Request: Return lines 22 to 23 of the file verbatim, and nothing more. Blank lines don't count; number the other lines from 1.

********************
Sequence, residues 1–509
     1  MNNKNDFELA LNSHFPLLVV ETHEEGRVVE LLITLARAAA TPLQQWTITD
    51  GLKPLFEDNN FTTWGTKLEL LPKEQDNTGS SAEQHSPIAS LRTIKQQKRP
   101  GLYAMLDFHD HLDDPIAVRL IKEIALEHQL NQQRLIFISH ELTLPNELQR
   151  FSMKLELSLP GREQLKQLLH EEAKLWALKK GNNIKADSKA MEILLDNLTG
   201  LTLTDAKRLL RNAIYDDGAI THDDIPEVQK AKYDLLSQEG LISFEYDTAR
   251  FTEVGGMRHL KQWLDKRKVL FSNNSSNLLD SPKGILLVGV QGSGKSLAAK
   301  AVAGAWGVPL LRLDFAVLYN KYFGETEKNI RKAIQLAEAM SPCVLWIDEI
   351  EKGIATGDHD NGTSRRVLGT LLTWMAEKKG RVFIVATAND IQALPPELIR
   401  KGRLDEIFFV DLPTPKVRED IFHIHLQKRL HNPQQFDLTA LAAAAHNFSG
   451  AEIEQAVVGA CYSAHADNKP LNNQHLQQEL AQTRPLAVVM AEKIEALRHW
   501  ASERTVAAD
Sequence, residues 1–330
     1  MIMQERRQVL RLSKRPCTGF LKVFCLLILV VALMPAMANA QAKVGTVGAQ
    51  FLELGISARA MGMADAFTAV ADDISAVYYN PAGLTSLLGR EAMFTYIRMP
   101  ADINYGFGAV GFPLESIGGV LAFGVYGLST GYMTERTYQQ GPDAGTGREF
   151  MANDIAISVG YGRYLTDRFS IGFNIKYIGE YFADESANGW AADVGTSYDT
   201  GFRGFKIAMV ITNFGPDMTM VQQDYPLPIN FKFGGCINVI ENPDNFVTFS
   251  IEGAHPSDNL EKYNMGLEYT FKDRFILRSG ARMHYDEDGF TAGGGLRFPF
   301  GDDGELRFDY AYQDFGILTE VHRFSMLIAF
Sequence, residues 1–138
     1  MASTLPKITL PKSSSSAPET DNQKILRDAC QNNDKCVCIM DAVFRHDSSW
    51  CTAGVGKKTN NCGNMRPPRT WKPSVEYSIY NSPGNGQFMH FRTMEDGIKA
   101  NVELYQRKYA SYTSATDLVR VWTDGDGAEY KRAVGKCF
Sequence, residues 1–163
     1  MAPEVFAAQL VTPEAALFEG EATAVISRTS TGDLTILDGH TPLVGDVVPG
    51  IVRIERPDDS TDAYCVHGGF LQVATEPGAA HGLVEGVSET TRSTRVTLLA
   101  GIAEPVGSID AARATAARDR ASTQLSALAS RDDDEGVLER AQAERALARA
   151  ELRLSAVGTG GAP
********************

     1  MASTLPKITL PKSSSSAPET DNQKILRDAC QNNDKCVCIM DAVFRHDSSW
    51  CTAGVGKKTN NCGNMRPPRT WKPSVEYSIY NSPGNGQFMH FRTMEDGIKA